Why I like it:A couple of days ago I wrote about this two-tiered approach to print advertising, and here’s another nice example. You hook them with a wonderful visual, but you don’t give it all away. You make the reader work for it…and then you deliver the goods, with clarity and simplicity. It’s a risky approach, and it needs to be executed flawlessly: The hook must really hook, and the payoff has to reward the extra effort. This campaign from Argentina brought a smile to my face. The visual is familiar and yet very interesting in its use of detail, color and shape. And the payoff? I admit to some doubts about the logic behind it…but it closes the loop well enough, (and with admirable restraint and simplicity – being classy counts!). Congrats to the crew at DDB Argentina for pulling this one-off.
Why I like it: Over the years, this sports network (and their agency Y&R) have acquired a deserved notoriety for magnificent ads extolling the virtue of sport, primarily soccer (such as this absolute gem from 2010.) Here is another in a long line of institutional ads that manage to nail the transcendence of sport, and to do so in a different way than what we’ve seen before (ah! that’s the hard part!) Really well written with each of the vignettes in perfect opposition, nicely shot (notice the color vs. black and white contrast, or the use of slow motion,) with a great accompanying track. If you love soccer (hopefully not quite as much as “Fede”!) then you’ll love this ad.
Yesterday’s gone Tomorrow is not yet here
You only have today
So enjoy it
Enjoy it a lot
Live more freely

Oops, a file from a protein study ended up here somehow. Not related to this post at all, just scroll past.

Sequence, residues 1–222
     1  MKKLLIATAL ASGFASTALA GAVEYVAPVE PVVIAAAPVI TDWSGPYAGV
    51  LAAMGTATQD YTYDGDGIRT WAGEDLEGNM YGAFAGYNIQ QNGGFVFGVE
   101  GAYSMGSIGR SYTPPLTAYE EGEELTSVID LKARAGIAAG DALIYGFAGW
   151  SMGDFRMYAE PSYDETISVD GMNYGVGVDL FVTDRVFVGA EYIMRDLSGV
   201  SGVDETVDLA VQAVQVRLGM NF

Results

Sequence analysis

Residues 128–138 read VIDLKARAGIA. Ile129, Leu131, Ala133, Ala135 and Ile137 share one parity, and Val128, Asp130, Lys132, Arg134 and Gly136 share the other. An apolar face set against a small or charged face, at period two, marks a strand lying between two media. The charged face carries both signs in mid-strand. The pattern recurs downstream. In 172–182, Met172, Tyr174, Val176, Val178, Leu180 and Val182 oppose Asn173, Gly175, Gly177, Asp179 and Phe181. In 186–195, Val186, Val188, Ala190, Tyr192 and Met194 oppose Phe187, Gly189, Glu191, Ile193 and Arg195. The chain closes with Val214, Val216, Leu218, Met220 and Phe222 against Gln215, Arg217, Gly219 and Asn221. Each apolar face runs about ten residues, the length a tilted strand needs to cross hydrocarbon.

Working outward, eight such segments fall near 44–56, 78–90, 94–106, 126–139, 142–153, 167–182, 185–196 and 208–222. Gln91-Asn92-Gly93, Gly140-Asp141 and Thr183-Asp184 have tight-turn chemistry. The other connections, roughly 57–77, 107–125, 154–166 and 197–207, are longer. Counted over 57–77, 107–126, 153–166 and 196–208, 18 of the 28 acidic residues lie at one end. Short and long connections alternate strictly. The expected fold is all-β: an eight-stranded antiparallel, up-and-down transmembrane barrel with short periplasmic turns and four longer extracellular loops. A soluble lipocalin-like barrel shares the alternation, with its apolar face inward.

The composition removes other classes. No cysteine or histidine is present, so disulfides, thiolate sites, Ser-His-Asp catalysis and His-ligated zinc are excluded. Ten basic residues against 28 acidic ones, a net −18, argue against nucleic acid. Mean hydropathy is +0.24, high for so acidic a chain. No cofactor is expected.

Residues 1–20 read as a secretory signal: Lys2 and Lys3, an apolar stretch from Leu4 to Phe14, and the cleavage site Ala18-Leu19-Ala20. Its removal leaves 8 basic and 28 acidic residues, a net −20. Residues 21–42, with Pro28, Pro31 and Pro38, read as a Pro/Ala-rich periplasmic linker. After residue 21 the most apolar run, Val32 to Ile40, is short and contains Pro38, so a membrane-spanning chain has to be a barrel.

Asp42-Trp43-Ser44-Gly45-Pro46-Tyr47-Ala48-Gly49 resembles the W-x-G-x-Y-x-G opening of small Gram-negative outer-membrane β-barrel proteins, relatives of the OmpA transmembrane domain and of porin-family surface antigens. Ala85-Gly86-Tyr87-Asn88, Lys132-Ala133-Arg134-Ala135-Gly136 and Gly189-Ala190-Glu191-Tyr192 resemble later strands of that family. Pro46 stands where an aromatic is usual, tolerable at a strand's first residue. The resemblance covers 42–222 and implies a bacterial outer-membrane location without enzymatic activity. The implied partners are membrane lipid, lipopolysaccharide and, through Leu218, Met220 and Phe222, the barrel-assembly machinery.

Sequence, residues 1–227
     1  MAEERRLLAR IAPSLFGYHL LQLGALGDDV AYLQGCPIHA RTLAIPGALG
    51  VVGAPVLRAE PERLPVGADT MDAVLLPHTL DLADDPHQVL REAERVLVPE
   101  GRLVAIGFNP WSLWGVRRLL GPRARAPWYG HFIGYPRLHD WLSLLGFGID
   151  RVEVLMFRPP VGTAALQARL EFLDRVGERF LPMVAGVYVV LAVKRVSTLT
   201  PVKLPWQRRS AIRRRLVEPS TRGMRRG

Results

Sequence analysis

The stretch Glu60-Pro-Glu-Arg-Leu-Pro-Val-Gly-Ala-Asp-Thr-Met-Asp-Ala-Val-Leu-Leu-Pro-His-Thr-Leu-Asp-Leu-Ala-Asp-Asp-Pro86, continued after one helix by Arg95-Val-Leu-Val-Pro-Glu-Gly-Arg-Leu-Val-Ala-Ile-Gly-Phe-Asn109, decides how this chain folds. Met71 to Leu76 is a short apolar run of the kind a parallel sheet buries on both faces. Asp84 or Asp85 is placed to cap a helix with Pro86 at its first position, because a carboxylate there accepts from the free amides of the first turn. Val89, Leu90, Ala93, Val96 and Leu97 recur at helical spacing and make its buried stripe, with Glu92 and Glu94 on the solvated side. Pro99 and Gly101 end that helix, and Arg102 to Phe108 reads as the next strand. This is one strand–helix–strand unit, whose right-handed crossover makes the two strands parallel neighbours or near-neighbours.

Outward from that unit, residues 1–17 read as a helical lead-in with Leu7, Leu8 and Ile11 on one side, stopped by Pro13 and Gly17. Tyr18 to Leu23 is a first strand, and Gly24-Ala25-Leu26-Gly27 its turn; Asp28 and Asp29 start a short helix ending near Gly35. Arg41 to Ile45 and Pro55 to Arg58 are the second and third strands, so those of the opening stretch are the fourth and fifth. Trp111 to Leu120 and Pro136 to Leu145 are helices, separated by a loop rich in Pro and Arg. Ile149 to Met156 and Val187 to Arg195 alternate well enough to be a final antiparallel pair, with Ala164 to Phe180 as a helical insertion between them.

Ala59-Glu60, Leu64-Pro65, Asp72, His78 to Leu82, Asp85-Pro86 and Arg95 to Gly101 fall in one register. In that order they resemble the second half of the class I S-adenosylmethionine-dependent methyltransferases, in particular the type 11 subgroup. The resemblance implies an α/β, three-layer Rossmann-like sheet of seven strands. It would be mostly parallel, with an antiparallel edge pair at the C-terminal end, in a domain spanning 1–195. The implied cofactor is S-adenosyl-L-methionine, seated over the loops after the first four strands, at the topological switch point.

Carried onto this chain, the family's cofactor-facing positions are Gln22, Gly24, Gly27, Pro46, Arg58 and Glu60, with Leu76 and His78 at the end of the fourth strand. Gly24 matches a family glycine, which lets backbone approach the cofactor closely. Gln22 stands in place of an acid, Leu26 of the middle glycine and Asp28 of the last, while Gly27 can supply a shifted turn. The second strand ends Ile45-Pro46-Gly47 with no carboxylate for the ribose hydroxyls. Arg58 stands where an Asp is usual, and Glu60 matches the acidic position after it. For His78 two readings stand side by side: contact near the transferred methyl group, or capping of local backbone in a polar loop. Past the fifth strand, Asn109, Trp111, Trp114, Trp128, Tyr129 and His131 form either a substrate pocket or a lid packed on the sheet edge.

Enjoy the after office…
…and the office
Have the best Saturday night…
…and a great Wednesday, 3:38pm
Think of a great tomorrow
And a great today
Remove drama from your life
Waste time with friends…or win time.
Drink up life, like you drink up a Brahma
Why I like it: I love manifesto advertising, a great many of my favorite ads ever are manifestos. Many of us may look at this beer ad and think “It’s too generic. It doesn’t say anything about the product. It doesn’t give you a reason to choose it versus the competition. It’s a bunch of cliches that don’t really connect with the beer, etc.”. But I really believe 22 year old guys and girls in Paraguay (the target of this ad) will look at it and say “hell yeah!” A manifesto is a statement of belief by a brand, and this can be so powerful because, when you’re in a commoditized category like beer, beliefs are infinitely more important than functional benefits. Trust me, for a 22 year old, beer is basically beer. It’s all pretty much the same. Nobody cares about your hops, or your brewing process, or even your refreshing quality. But if you’re talking to the heart, if you’re talking at a deeper level, if you’re saying something that others aren’t…and you mange to connect?…this will make a huge difference.